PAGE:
The Federal Government is warning businesses to brace for a tough budget next month as new figures show a $4.5 billion revenue shortfall, prompting the need for harsh spending cuts.
Federal Treasurer Wayne Swan has insisted the budget will return to surplus in 2012-13 as part of Labor’s election promise, but a host of other factors are seriously impacting the budget’s bottom line.
“The summer’s natural disasters, continued consumer caution, the subdued recovery in household wealth and the higher dollar are all weighing heavily on government revenues,” Swan said in a statement.
The Treasury’s latest figures show business tax collections are $3 billion lower than expected while personal income tax collections are down by about $1 billion.
“Losing big slabs of revenue like this, of course, makes it even tougher to get back to surplus as planned, but we’re determined to make the difficult decisions to meet that commitment,” Swan said.
The new figures come just a week after it was revealed the floods and Cyclone Yasi will cost the economy about $9 billion, with a further $2 billion cut to export earnings due to the earthquake and tsunami in Japan; Australia’s second largest export market.
Finance Minister Penny Wong has said while the budget won’t necessarily be a popular one, it will be “very focused on the short- and long-term needs of the economy”.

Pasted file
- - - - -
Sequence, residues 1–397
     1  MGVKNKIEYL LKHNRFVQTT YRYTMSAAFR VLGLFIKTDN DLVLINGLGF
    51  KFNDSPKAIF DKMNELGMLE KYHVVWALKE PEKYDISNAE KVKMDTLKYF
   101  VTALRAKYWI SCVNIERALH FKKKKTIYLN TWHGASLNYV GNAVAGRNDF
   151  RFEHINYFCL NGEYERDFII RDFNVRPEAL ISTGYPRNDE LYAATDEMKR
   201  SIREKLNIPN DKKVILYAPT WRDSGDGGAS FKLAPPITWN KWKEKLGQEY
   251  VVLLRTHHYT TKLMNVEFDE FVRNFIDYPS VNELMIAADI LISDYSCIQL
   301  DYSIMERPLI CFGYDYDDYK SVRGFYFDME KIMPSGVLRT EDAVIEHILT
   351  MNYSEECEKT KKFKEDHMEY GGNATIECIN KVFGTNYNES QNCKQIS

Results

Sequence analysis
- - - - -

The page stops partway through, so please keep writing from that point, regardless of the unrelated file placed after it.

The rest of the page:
“I’m not going to get into rule in, rule out for the budget. We are making our way through the budget process and we will make decisions in the national interest, looking to where we have to go,” Wong said.
“The Prime Minister has made clear not only do we have to make room for the private sector expansion, we also have to look to things such as skills and participation.”
Wong’s comments come on the back of a call by Australian senior executives that the Government uses the budget to dramatically increase the intake of skilled migrants to tackle skills shortage and reduce wage inflation in booming sectors such as mining.
Business Council of Australia president Graham Bradley says addressing skills shortages needs to be “front and centre” at this year’s budget.
“With the unemployment rate back under 5%, the budget should focus on addressing immediate skills shortages by improving the flexibility of education and training,” Bradley says.
“[The budget should also demonstrate] a commitment to maintaining the permanent skilled migration problem, including new initiatives to improve access to skilled temporary migrant workers.”
Bradley says there are concerns about the cost and processing times for the 457 visa program, which should be improved.
Federal Opposition leader Tony Abbott says the Government is to blame for the need to introduce a tough budget, not economic circumstances.
Abbott described the Labor Party as a “wasteful” government, which will inflict “unnecessary pain” on the Australian public as a result of its incompetence.